Finally, I asked him if he had a chance to meet new Cavs coach, David Blatt, as both were in Cleveland last Friday. He responded, “No, I didn’t. But he was in my hotel.”
Besides that, I asked, what did he know about Blatt. Parker replied, “I know he’s a winner.”
3.) So, what did I learn from Wiggins and Parker? On a strictly passenger-side psychology level, Wiggins did seem to be as he’s been described: a super nice kid. Maybe he occasionally says what he thinks is the right thing to say or what people want to hear rather than something telling or unique. Does that mean he doesn’t have the killer instinct or alpha male demeanor many have said will keep him from achieving greatness? If you believe that such an instinct is crucial to a player’s ultimate success, then … maybe. Or, if you’re going to say that Wiggins is a pleaser, couldn’t that evolve into a good thing. If he finds a coach who he trusts and teammates whose approval he seeks and who he wants to help win games for, couldn’t that develop into just as strong of a desire to win as your Jordan-esque “destroy everyone in your path” route?
On the other side, Parker seemed fiesty, smart and took every question as a challenge. Whereas Wiggins answered a reporter’s question following the U19 games in 2012 that what he most wanted people to know about him is, “I’m just 17 years old,” Parker made constant mention of how much he plays basketball, how much he’s in the gym, how basketball is everything to him. That doesn’t change the fact that his conditioning has been an issue all year. But did Parker come off (again, in the whole 7-minutes I spent listening to him … grain of salt, all) as the type of driven competitor you’d want to rub off a bit on your team if, say, your team happened to not be the mentally toughest? Sure. Absolutely.
4.) Random hits: Dante Exum wins the Victor Oladipo Award for interview personality that completely won me over. Exum comes across as good-natured, intelligent, thoughtful and confident. I don’t want the Cavs taking him at one … but it’s tough not to like him. Marcus Smart wins the Greg Oden Award for 20-year old who could pass for one of my dad’s 60-year old card buddies. Also, speaking of Smart, it was interesting to hear how many of the players are convinced that they will always play the positions they did in college, despite what a lot of league experts are saying. Smart considers himself a point guard, even though many others thing he’ll be a shooting guard in the pros. Exum also considers himself a point guard. Parker insists he’s a small forward. Wonder who gets to break the news to them. [Update: Dario Saric was asked why he decided to stay in the draft when he’d just signed a three year deal to play in Turkey. He said that he felt that his stock was pretty high this year and he was confident he’d be a lottery pick. Of course, the follow up questions was “So, why do you feel like your stock will drop over the next few years?”] I asked Noah Vonleh, whose enormous hands were the cause of much draft combine gasping, if he’d had the chance to measure them against other noted big-hander, Kawhi Leonard. He said he hadn’t, but that ESPN had run a piece that showed the measurement of Leonard’s mits and was pretty sure his were larger. The real battles, folks, rage on. And, finally, while this is not the best picture, Julius Randle wins the award for his amazing threads. This was the year of the bow tie in the Draft Media Availability Room and Randle was the king of them all.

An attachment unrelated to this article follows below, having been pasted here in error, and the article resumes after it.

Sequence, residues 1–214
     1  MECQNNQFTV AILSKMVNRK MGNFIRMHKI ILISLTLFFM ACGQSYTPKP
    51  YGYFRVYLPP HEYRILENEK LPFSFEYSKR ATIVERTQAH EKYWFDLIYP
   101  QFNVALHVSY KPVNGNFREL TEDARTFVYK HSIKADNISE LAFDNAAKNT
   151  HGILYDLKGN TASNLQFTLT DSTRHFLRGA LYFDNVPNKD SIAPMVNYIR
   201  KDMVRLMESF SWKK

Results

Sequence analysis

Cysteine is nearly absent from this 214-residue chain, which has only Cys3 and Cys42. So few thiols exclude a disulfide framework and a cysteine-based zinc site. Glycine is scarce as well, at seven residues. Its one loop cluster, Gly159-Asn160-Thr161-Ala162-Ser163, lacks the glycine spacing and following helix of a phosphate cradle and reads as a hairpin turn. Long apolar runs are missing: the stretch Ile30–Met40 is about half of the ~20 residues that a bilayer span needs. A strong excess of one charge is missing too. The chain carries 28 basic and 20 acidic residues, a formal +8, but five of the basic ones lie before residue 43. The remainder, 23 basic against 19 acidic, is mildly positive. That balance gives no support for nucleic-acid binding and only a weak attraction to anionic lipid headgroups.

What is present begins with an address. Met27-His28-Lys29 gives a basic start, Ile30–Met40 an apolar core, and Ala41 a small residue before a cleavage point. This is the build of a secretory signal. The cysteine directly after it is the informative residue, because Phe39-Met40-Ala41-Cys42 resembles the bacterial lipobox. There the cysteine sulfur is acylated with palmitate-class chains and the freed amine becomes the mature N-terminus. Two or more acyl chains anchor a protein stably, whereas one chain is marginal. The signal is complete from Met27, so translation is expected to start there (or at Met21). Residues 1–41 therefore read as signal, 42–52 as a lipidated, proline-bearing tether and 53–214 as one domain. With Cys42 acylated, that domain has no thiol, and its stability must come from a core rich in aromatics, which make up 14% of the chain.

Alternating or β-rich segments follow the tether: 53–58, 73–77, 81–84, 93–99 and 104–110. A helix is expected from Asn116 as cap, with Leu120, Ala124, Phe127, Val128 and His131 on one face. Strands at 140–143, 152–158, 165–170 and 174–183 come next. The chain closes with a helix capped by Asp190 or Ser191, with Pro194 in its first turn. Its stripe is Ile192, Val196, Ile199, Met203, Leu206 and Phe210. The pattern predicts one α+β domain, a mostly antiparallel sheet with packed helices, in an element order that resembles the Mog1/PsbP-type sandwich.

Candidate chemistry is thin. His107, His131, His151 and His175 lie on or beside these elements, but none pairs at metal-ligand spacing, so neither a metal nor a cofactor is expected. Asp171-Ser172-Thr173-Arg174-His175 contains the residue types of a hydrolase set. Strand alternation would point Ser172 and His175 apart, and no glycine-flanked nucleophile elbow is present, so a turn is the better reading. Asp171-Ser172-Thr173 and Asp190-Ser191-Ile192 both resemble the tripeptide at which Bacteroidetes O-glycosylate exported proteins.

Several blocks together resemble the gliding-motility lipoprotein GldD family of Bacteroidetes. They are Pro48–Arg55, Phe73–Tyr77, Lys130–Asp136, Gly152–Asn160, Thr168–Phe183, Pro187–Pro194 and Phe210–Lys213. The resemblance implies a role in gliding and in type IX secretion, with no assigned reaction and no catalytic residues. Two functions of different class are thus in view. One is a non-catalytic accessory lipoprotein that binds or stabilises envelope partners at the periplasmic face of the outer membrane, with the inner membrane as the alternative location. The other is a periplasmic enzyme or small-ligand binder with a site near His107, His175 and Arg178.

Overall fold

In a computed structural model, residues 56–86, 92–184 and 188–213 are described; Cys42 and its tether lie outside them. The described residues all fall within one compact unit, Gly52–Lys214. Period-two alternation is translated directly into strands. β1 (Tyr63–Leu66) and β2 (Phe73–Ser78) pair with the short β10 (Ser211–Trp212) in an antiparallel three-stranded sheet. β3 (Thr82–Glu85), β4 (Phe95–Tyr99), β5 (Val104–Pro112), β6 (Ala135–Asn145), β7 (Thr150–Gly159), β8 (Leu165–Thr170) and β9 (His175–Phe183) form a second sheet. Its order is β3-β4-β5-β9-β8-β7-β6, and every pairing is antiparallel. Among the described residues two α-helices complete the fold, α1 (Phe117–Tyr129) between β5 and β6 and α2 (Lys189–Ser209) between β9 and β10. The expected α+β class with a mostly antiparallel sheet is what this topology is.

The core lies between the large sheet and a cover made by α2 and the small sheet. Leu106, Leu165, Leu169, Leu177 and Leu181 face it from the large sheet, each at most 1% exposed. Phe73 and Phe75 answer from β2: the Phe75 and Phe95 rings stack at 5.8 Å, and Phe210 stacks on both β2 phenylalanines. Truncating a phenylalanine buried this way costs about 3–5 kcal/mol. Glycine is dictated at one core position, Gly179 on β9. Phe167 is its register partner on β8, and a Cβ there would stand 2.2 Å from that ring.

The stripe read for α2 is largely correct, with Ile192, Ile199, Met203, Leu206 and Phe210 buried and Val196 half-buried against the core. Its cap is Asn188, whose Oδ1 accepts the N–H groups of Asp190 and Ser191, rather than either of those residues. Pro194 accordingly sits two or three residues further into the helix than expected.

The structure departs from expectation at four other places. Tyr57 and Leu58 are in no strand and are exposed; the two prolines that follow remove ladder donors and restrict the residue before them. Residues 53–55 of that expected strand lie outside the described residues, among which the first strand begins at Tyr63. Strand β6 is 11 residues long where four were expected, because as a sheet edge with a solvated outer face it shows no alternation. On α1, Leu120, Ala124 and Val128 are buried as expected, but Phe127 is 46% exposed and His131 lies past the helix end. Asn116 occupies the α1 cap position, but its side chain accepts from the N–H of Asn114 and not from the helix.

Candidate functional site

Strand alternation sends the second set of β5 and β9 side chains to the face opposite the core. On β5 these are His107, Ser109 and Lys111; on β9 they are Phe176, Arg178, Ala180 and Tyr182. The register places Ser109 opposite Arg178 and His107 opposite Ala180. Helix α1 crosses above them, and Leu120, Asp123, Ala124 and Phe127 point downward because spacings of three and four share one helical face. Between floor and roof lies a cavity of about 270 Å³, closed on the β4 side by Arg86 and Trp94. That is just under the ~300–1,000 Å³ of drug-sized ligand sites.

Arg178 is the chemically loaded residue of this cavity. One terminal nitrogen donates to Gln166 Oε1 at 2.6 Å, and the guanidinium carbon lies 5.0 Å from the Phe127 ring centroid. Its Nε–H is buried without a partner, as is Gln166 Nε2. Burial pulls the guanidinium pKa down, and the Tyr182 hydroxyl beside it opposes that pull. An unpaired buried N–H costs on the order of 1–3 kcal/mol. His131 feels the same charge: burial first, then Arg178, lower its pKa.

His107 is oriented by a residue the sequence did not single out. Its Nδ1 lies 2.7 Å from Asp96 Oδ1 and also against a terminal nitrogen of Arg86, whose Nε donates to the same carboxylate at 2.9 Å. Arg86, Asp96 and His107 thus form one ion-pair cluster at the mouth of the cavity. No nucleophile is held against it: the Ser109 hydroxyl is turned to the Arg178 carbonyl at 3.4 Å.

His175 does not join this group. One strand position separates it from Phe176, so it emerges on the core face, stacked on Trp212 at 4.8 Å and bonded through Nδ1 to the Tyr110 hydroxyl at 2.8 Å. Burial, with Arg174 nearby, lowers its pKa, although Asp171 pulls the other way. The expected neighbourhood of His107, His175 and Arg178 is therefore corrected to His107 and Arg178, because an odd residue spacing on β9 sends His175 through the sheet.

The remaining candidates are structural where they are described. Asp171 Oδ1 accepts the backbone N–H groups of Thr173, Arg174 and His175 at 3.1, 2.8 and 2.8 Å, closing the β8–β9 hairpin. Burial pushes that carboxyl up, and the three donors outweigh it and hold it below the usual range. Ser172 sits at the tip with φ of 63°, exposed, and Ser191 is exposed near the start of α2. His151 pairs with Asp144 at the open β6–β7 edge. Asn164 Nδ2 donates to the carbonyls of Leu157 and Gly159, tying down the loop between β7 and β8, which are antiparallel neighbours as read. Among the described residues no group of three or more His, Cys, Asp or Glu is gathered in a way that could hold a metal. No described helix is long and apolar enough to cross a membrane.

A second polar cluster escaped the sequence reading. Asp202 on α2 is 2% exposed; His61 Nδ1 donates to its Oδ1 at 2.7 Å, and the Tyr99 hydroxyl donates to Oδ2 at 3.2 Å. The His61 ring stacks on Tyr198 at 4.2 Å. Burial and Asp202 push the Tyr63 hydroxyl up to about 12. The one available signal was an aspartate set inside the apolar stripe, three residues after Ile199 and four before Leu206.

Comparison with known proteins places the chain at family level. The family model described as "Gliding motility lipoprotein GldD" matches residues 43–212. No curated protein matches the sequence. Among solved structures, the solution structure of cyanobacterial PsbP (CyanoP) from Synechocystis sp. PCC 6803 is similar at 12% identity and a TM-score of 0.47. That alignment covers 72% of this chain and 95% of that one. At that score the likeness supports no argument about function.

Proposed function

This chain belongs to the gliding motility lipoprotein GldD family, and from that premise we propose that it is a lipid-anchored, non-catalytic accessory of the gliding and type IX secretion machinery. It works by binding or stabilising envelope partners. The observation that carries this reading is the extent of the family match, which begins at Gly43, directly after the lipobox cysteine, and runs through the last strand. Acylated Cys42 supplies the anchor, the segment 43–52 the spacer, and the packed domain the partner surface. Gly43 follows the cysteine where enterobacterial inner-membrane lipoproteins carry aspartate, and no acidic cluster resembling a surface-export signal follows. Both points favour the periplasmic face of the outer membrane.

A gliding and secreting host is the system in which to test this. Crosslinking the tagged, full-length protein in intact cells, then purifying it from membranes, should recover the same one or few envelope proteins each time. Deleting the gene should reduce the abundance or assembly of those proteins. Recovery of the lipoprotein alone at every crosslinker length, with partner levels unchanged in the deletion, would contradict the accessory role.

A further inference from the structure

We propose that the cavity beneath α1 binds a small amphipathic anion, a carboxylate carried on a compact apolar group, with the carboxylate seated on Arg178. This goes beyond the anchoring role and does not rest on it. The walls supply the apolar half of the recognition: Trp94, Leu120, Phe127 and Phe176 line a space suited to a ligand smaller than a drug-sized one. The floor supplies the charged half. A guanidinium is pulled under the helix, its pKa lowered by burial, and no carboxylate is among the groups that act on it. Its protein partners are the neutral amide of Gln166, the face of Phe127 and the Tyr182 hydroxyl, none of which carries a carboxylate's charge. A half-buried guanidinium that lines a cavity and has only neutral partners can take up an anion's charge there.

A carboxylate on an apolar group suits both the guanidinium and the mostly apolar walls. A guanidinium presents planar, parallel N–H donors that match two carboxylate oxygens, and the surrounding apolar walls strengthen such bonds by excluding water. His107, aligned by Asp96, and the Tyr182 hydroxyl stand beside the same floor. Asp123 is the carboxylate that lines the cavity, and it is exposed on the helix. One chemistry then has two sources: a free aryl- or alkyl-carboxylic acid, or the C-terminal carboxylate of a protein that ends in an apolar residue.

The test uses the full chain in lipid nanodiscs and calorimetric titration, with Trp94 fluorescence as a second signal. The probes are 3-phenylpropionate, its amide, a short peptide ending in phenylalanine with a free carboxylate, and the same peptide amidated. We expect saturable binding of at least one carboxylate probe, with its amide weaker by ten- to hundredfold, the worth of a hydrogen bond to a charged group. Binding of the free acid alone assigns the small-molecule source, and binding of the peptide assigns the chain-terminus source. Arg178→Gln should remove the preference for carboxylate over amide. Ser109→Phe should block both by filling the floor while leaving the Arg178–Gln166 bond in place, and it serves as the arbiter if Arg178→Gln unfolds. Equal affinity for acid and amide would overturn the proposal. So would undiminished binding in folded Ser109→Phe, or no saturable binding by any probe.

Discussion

Happy Draft Day, everyone. Talk to you from Barclays tomorrow!